Social media sites and messaging services have been blacked out in Sri Lanka since the middle of last week. Last Wednesday, the government began forcing ISPs to blackout popular websites such as Facebook, Whatsapp, Instagram, and Viber. The blackouts were ordered as part of a crackdown on what the government has described as “rampant hate speech” within the nation.
A state of emergency has been declared after violence broke out in the city of Kandy in the central region of the island. The brutal confrontations are occurring between the local Sinhalese Buddhist and Muslim populations.
According to the government, false reports of ethnically motivated attacks were spread via social media in order to exacerbate the situation. Reports have even emerged about information for making bombs being spread via social media.
For citizens of Sri Lanka or visitors to the country who use social media sites to communicate with friends and family, the blackouts have caused an inability to communicate with loved ones. Thankfully, anybody living in or visiting the nation who wants to communicate with family and friends can regain access to censored website services by using a VPN.
According to reports, “angry mobs made up of the majority Sinhalese ethnic group” attacked Muslim communities – including Mosques. Muslims were advised to “stay at home and close up their shops in the Digana town.” Riots broke out and empty shops were burned down by angry Buddhists. At least one person – a 27-year-old imam called Abdul Basith – was killed in a house fire. His father Fayaz Samsudeen said that he must have become trapped on the second floor:
“When the fire started, he screamed for help and asked people to help us get out of the house. There is no way to get outside from upstairs, but we thought he would have escaped. In the morning when we came back to see our house, we found his body.”
Sri Lanka has remained somewhat unstable ever since the end of its civil war in 2009. That civil war raged between government forces and Tamil separatists for 26-years. Unfortunately, tensions are still high, and persecution of Sri Lanka’s Muslim minority is on the rise.
Situation Settling Down
Since violence broke out last Wednesday, it is believed that the situation in the central region of the island has calmed down substantially. What’s more, it is believed that travelers making their way around the island to visit iconic Buddhist temples and monuments have been largely unaffected.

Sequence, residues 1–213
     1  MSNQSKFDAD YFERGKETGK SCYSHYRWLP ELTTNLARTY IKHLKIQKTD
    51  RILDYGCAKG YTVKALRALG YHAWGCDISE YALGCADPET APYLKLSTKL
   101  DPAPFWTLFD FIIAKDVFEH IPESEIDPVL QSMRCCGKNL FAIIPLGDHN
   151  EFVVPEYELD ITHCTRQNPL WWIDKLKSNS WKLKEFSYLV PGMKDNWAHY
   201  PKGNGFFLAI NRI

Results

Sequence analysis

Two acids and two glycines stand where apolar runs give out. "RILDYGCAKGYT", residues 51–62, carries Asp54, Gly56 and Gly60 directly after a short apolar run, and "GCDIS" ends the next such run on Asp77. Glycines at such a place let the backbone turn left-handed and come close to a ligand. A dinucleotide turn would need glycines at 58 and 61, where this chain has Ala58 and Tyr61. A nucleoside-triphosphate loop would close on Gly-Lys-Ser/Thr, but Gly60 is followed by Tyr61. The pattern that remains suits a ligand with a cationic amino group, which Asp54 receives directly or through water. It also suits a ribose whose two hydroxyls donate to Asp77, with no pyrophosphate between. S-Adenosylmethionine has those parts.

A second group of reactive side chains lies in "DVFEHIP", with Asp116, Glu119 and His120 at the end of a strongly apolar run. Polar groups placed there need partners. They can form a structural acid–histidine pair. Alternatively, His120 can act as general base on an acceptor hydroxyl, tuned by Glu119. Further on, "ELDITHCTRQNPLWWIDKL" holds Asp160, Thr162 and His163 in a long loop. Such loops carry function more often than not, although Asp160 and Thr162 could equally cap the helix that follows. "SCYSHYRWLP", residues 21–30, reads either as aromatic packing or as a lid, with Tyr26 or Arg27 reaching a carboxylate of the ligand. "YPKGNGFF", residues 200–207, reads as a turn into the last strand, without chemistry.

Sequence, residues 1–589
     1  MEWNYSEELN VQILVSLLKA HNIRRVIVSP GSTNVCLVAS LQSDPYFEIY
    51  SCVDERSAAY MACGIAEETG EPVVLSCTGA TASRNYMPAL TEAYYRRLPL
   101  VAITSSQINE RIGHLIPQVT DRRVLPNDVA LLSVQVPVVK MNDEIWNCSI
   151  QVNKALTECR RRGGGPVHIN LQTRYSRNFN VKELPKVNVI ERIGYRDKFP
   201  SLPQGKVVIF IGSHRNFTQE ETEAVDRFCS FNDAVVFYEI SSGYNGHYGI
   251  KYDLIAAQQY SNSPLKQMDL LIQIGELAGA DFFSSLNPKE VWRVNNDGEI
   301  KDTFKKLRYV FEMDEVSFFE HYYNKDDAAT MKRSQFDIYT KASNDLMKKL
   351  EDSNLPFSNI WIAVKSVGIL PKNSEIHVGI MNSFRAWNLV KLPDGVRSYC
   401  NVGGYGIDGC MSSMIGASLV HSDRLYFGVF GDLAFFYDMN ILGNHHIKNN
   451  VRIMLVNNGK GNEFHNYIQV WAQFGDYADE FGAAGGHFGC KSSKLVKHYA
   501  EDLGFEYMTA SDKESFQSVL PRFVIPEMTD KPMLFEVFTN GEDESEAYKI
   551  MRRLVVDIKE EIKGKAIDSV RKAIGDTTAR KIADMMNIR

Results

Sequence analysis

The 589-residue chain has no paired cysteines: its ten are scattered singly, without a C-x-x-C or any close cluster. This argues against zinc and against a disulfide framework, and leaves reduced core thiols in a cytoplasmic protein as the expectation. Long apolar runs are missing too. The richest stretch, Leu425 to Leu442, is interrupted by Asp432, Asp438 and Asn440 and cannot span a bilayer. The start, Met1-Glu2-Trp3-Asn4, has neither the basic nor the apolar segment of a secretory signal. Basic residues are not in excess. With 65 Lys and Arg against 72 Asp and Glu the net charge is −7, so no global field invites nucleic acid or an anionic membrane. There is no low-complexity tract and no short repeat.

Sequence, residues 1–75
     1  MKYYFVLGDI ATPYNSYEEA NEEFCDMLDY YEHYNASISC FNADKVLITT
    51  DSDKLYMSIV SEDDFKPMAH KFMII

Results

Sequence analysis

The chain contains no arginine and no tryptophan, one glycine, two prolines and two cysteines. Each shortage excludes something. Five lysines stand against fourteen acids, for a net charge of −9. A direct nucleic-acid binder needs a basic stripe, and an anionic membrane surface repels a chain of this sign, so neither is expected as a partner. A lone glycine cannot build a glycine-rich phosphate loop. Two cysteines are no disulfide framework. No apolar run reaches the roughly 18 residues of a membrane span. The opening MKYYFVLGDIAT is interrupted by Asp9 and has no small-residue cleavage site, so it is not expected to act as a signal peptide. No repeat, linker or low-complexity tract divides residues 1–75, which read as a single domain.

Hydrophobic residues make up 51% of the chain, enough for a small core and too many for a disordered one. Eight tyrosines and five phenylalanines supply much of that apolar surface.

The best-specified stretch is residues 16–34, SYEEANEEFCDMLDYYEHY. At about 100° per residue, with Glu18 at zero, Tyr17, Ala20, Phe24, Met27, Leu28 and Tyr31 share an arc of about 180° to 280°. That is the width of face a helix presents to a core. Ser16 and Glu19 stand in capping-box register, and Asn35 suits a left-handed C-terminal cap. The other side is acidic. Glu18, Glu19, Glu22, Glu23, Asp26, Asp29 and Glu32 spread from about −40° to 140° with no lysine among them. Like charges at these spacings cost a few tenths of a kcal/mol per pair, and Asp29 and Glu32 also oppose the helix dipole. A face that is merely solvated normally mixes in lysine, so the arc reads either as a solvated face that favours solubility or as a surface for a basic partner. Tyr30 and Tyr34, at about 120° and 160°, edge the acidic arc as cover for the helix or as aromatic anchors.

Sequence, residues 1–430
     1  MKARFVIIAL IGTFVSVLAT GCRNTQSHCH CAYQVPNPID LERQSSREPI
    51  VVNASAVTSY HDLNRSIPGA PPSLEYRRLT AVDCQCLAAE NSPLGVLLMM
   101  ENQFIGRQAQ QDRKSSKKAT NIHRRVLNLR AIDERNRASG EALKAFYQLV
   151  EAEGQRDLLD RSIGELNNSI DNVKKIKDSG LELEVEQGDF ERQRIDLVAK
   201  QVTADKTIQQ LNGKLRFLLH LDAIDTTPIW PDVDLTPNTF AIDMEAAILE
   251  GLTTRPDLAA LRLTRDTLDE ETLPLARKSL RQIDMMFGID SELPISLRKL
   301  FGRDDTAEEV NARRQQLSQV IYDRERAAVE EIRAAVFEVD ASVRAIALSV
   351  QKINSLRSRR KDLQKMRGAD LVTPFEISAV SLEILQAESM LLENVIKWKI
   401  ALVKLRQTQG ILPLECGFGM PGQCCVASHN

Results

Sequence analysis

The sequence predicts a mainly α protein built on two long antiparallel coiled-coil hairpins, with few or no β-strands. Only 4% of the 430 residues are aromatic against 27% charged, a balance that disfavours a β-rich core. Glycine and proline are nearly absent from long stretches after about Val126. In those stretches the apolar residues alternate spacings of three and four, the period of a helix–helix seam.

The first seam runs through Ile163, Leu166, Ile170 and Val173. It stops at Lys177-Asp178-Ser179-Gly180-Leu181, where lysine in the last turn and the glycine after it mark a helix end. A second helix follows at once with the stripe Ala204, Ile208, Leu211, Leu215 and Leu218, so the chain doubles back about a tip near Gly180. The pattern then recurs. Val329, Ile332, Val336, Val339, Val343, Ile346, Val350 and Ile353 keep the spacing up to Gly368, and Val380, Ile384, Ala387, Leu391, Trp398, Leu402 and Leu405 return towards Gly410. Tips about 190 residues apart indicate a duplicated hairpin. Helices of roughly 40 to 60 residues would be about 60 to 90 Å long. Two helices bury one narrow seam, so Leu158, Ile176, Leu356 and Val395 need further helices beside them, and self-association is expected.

Despite the improvement, tourists are being warned to exert extreme caution and to proceed directly to their hotels, especially when visiting built-up areas in both Kandy and the capital Colombo. Although the unrest has subsided, there are fears that it could re-ignite. According to a government spokesperson, Dayasiri Jayasekera, the state of emergency will remain in place for ten days at least.
People in the country were initially expecting social media sites to be unblocked on Saturday. However, it would appear that some places are still suffering internet blackouts, social media blackouts, and severe bandwidth throttling that is stopping citizens from accessing online services. As well as those internet blackouts, the government has been instituting a curfew in order to keep people in built-up areas off the streets.
For visitors to the country who need to use social media websites to reassure loved ones back home of their safety, a Virtual Private Network (VPN) is the perfect solution. A VPN will permit anybody in Sri Lanka to pretend to be in a different country. The result is that anybody can bypass bandwidth throttling and website blackouts to access social media sites in Sri Lanka.
For the time being, it is not known when full access to social media sites and messaging services like Viber will be resumed. However, anybody in the country is advised to get a VPN just in case further outbreaks of violence emerge. Especially, considering that this is the second time in two weeks that major incidents have occurred.
Just a week before these latest outbursts, a similar mob attacked Muslims living in an eastern region of Sri Lanka. That violence broke out after a Sinhalese truck driver was hurt by a group of Muslim men in a “road rage incident”. The truck driver died from his injuries days later – igniting racial tensions.
Be Prepared For Further Blackouts
Considering the political situation, a VPN is strongly recommended. A monthly subscription will cost as little as $11.99, which is a trivial investment in order to ensure being able to continue to inform loved ones about your safety while traveling around the country.
The good news is that the majority of the nation appears to have been unaffected, and travelers are managing to get around with relative ease considering the critical situation.
Opinions are the writer’s own.
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